On more than one occasion in my career as a mom, I have gone to the store with my children. This shouldn’t come as a surprise, as pretty much every mother on the planet that has access to stores eventually enters one with her kids.
Stores seem innocent enough. You walk in with the intention of buying something and, most of the time, walk out with what you intended to buy. Maybe a few more things if you go to Target or Costco (we really needed that cute pillow… and that tent).
BUT. If you are a mom who has gone into a store or ever plans to go into a store, the time WILL COME that one, both or ALL of your children will melt down, start fighting or make you wonder why on earth you ever thought entering a store with them was a good idea.
There will, in fact, be a time when you have a full cart and you have to decide if it is actually worth it to wait in line and deal with children who are weeping, gnashing their teeth and screaming like banshees OR if you should just ditch the cart, run to the car with kids under each arm and handle the situation like you need to, but don’t want to in public. That might include discipline or a snack, depending on the cause of the meltdown and whatever food is available in your purse.
As you might suspect, this has happened to me. I have six kids. If you do the math, that means I have experience in this whole “going to the store with kids” thing at least a few times. Friends, the stories I could tell you would make you bow and shake your heads in maternal empathy… (I’m actually shaking my head right now remembering some of the ‘best’ ones).
You know what’s crazy though? Almost every time one of those experiences takes place, a sweet older lady will come by (usually just as I’ve broken into a sweat and put on my game face) and say,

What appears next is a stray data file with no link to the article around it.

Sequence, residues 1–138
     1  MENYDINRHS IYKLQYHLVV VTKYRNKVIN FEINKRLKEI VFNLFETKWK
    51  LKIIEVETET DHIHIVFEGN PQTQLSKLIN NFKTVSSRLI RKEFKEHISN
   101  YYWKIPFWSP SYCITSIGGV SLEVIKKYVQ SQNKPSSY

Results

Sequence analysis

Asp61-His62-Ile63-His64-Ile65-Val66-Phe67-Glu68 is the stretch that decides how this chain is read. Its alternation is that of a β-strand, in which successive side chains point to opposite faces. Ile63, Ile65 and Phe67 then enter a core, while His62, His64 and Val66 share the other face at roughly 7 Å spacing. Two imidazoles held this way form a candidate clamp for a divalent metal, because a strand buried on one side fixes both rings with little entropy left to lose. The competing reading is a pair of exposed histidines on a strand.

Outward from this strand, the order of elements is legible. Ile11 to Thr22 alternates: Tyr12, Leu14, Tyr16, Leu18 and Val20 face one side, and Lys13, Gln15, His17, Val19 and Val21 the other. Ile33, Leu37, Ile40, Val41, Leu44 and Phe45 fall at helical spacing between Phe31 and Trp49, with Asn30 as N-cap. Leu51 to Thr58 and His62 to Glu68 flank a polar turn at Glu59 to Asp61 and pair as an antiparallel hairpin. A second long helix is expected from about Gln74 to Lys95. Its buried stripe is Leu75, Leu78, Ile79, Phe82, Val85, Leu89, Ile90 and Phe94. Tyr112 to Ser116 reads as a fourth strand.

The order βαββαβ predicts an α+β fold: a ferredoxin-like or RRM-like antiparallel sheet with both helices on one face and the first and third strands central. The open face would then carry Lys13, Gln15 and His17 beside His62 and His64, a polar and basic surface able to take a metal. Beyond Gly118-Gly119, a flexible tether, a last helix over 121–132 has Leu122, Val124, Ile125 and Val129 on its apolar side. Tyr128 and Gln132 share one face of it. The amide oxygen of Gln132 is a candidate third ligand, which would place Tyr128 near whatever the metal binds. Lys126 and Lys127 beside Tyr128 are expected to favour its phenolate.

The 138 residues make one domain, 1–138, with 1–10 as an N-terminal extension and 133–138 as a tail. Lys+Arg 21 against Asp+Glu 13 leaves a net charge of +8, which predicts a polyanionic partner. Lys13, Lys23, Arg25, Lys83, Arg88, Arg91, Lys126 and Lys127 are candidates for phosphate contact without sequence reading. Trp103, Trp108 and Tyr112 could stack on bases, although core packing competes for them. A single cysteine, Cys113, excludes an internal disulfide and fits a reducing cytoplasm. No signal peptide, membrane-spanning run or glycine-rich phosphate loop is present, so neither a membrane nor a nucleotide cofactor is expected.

“Cherish these days. They go by too fast!”
Now, for years, especially when my older 3 kids were little, I thought, and sometimes even said, “I SURE HOPE SO! Do you even SEE what’s going on here?!!!” because my gosh, my kids were exhausting! Between their activity levels, the actual activities, the willful spirits and sheer number of kids, I WAS TIRED AND WANTED IT TO BE OVER!!
So I hoped the days would go by fast.
And you know what?
And now I have a 15-year-old who is learning to drive. He spends most of his time with his friends or on his phone or digging through the fridge.
He still hugs me at night and lets me kiss his head, but he doesn’t snuggle with me on the couch to read a story anymore.
My determined, hard-working 13-year-old recognizes when others need help and steps up when his mama needs a hand. He cleans his room and does his laundry…
… but he doesn’t ask me to play trains with him anymore.
I have an 11-year-old who is on the cusp of becoming a teenager and wants so badly to grow up and do teenage things…
… and yet today when I left she cried and said, “Mommy, I’ll miss you.”
My girl still calls me “Mommy”.
And I’m clinging to that.
You see, the sweet older ladies who told me to cherish the days? They were absolutely right.
The days are indeed LONG, but the years are so short. They go by in a blink.
I think that is the biggest surprise of motherhood: no matter how many kids you have or how long it takes to raise them, the time always goes by too fast.
Now, more often than not, I try to stop and listen when the little hands grab at me for attention rather than wave them off so I can finish what I am doing. I don’t want to miss out on the joy or humor to be found in our day-to-day, even in the crazy moments.
So, Grandma? Thank you for taking the time to stop and remind me that I should cherish the days with my kids. You were right. They go by too fast.
Summer Wilson of the Transparency Project is an exclusive member of Becky Thompson’s Writer Network. For more information on how to join, go to www.BeckyThompsonCourse.com